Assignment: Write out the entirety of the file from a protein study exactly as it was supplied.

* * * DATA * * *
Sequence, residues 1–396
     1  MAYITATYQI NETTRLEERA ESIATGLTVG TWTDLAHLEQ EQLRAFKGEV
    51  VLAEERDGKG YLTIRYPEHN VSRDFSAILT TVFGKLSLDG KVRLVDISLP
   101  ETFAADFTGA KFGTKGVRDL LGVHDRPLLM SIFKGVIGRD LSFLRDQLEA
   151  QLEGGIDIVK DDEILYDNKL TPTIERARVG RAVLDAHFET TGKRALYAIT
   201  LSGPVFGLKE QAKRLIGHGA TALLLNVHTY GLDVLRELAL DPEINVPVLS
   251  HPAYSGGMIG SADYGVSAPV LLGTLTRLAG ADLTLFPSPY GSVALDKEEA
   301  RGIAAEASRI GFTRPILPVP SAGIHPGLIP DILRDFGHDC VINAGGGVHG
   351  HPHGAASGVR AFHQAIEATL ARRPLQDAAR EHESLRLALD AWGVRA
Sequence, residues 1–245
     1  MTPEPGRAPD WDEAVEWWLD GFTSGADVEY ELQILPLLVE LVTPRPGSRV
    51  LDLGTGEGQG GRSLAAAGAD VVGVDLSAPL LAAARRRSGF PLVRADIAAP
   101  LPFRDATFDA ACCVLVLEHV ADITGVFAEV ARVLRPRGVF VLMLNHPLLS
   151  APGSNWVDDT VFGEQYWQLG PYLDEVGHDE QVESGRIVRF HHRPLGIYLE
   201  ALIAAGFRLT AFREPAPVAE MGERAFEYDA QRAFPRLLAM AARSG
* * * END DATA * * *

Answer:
Sequence, residues 1–396
     1  MAYITATYQI NETTRLEERA ESIATGLTVG TWTDLAHLEQ EQLRAFKGEV
    51  VLAEERDGKG YLTIRYPEHN VSRDFSAILT TVFGKLSLDG KVRLVDISLP
   101  ETFAADFTGA KFGTKGVRDL LGVHDRPLLM SIFKGVIGRD LSFLRDQLEA
   151  QLEGGIDIVK DDEILYDNKL TPTIERARVG RAVLDAHFET TGKRALYAIT
   201  LSGPVFGLKE QAKRLIGHGA TALLLNVHTY GLDVLRELAL DPEINVPVLS
   251  HPAYSGGMIG SADYGVSAPV LLGTLTRLAG ADLTLFPSPY GSVALDKEEA
   301  RGIAAEASRI GFTRPILPVP SAGIHPGLIP DILRDFGHDC VINAGGGVHG
   351  HPHGAASGVR AFHQAIEATL ARRPLQDAAR EHESLRLALD AWGVRA
Sequence, residues 1–245
     1  MTPEPGRAPD WDEAVEWWLD GFTSGADVEY ELQILPLLVE LVTPRPGSRV
    51  LDLGTGEGQG GRSLAAAGAD VVGVDLSAPL LAAARRRSGF PLVRADIAAP
   101  LPFRDATFDA ACCVLVLEHV ADITGVFAEV ARVLRPRGVF VLMLNHPLLS
   151  APGSNWVDDT VFGEQYWQLG PYLDEVGHDE QVESGRIVRF HHRPLGIYLE
   201  ALIAAGFRLT AFREPAPVAE MGERAFEYDA QRAFPRLLAM AARSG